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Getting farmers and farm science on air in Sub-Saharan Africa can vastly improve how agricultural knowledge is shared and taken up, says Kevin Perkins, executive director of Canadian charity Farm Radio International, in this audio interview. In Ethiopia, for example, 80 per cent of those who listened to a show on the benefits of planting the grain tef in rows started using this technique.
Farm Radio International supports radio stations and farming communities in countries across Sub-Saharan Africa by providing them with broadcast resources such as scripts, running training and backing radio campaigns on specific farming practices.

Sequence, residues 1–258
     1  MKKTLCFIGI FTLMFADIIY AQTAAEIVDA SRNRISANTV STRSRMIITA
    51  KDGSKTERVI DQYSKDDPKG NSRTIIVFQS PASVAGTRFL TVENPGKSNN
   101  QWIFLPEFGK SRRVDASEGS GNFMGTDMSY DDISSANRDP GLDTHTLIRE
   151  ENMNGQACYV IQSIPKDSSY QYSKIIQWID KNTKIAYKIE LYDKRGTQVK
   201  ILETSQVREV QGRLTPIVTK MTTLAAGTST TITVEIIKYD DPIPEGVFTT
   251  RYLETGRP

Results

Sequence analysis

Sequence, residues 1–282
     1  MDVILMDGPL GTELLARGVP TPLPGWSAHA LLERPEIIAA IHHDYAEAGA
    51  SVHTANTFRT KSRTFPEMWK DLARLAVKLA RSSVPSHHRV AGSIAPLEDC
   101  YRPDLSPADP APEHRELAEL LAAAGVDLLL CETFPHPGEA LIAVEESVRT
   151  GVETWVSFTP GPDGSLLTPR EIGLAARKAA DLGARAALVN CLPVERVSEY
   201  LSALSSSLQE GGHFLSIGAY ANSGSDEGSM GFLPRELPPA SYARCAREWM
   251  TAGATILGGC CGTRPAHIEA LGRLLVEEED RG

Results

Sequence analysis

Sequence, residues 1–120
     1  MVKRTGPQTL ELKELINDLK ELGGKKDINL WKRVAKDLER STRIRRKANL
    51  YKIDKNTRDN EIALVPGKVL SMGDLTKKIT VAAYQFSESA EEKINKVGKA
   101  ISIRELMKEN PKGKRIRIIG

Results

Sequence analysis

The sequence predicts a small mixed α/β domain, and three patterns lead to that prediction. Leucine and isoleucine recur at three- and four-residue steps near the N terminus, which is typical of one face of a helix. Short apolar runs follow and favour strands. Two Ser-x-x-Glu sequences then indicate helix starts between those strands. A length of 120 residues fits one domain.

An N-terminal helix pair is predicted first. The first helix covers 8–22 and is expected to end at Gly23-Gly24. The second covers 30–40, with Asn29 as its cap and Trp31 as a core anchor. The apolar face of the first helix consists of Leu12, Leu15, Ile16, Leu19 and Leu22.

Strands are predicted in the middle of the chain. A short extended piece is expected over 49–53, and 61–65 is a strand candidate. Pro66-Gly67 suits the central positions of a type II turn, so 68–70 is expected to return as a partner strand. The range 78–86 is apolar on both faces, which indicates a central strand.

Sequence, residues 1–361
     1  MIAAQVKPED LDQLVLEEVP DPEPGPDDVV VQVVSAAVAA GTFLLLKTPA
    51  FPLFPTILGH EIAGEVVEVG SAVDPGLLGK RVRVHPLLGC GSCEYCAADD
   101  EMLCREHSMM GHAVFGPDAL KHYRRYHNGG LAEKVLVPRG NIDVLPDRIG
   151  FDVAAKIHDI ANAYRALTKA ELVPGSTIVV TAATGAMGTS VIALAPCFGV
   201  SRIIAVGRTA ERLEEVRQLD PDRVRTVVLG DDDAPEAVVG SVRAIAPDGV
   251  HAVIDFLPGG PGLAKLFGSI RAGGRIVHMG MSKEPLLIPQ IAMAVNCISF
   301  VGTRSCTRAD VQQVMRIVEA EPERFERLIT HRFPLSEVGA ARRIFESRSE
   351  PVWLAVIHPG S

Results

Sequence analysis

Perkins says interactive shows, in particular, are diversifying debates on agricultural science by carving out a space for farmers to call in and speak to policymakers and scientists. Whether via community radio stations in rural areas or large commercial broadcasters, farmers are getting on air and engaging government in conversations about what agricultural science works and makes sense for them.